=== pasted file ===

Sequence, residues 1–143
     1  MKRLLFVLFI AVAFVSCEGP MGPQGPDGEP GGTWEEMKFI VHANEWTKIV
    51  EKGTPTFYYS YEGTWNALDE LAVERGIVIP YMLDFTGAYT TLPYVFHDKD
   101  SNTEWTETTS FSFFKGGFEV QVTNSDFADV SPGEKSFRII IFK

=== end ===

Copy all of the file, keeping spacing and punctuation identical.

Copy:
Sequence, residues 1–143
     1  MKRLLFVLFI AVAFVSCEGP MGPQGPDGEP GGTWEEMKFI VHANEWTKIV
    51  EKGTPTFYYS YEGTWNALDE LAVERGIVIP YMLDFTGAYT TLPYVFHDKD
   101  SNTEWTETTS FSFFKGGFEV QVTNSDFADV SPGEKSFRII IFK